Hundreds of citrus plants have just arrived!
Picture it; you walk by the kitchen window, lean over, and pluck a ripe lemon from your very own tree. It’s possible! If you have a bright enough space, you could be squeezing your own citrus. A few mouth-watering windowsill kumquats, oranges, or lemons could be in your cards – even in Manitoba. Growing citrus is mildly challenging, but the rewards are worth it, so we encourage you to challenge your green thumb!
Read on for our tips on how to successfully grow citrus indoors . . .
You GOT this! Just have patience . . . and faith!
First comes flowers, then comes fruit. The fragrance of citrus flowers is a perfume beyond anything you can imagine! The flower is the part of the plant which develop into fruit, so a citrus tree needs to be of sufficient size to be able to successfully support a crop of fruit on its branches. This is a natural process that takes time, but when that fruit finally appears, you’ll be beaming with gardeners pride, not to mention boasting rites! Fun fact; the average lifespan of a citrus tree is approximately 50 years, so when you take home a citrus plant, you can consider it a new friend for life.
HOW TO GROW CITRUS INDOORS
Here are our top tips on how to grow citrus plants. For even more information, visit our friends down in Florida!
LIGHT What citrus really requires is a bright window that has generous dimensions. A south-facing window or sliding glass doors are ideal, but a well-lit east or west-facing window can do the job. Do NOT invest in a citrus plant if you don’t have enough light. To achieve a citrus plant that’s laden with flowers and fruit, ample indoor light and space are essential, and to make your citrus even happier, bring it outdoors in the summer!
POTTING Citrus like to be slightly root-bound in their pots. If it becomes overly root-bound or its pot cracks, repot the plant in the springtime only. Transplant 2” (up one pot size at a time) or you may run the risk of rutting the roots with too much soil.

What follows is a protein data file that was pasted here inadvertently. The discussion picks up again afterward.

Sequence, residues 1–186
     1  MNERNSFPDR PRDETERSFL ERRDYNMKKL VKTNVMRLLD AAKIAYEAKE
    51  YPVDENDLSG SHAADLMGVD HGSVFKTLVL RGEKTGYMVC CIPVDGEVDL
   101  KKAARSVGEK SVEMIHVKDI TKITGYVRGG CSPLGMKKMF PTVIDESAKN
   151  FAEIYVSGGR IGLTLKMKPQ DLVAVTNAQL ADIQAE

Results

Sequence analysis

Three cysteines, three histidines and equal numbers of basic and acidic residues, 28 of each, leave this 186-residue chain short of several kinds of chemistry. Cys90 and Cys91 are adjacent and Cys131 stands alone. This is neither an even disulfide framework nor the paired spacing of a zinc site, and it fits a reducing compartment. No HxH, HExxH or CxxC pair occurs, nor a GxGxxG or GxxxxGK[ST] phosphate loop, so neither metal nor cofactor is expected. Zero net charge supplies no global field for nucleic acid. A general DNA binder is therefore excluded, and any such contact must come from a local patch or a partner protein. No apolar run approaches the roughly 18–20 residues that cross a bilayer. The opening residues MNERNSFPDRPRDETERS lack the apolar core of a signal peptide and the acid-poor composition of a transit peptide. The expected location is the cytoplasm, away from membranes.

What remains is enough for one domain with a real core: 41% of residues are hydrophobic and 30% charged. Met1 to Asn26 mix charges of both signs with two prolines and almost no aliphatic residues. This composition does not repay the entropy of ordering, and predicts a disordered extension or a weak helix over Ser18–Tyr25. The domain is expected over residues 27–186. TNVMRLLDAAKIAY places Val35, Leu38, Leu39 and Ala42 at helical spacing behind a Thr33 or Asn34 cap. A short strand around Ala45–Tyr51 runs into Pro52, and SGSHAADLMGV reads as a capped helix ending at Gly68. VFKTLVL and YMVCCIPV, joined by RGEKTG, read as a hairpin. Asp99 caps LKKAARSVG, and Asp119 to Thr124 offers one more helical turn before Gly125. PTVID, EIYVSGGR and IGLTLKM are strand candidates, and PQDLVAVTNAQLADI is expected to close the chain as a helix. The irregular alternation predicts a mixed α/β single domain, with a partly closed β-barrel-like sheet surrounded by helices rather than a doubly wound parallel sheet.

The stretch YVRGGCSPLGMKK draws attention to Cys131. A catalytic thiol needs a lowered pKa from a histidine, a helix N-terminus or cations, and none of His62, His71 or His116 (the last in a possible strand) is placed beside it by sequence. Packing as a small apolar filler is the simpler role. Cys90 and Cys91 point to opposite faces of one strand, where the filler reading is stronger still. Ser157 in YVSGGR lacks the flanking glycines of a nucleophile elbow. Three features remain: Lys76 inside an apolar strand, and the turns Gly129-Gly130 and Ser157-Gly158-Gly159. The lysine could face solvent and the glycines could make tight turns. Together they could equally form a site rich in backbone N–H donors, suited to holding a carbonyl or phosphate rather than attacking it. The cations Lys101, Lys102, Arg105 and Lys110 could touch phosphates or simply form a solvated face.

TEMPERATURE Citrus thrive in the same temperatures as humans. If temperatures drop below 10°C , your citrus plant will fail to absorb the nutrients that it needs in order to set flowers.
NUTRITION Citrus are hungry plants, and they react quickly when you fail to serve up sufficient food. Yellow leaves are the telltale sign of a starving citrus. Although most houseplants do not require fertilizing in late autumn and winter, citrus are the exception. If you go organic, deliver diluted fish emulsion throughout the year – once every two to three weeks seems to work well. Winter light levels are low, so dilute the fertilizer more than the recommended dose.
WATERING Citrus are thirsty plants! When the furnace or air conditioner is running and the sun is shining, they might need water daily, and when citrus plants are in bloom or actively growing, their watering needs increase. We suggest using a moisture meter to monitor the soil. Water when the soil is slightly dry, but not bone dry. If your citrus plant gets too dry, it will drop its flowers before developing fruit. If your home is very dry, your citrus will demonstrate its discomfort by dropping leaves. You can combat this by running a humidifier. Yellow leaves are a sign that you are over-watering. During winter months, sunlight levels lessen, so you will need to reduce and change your watering schedule accordingly.
Life is juicy!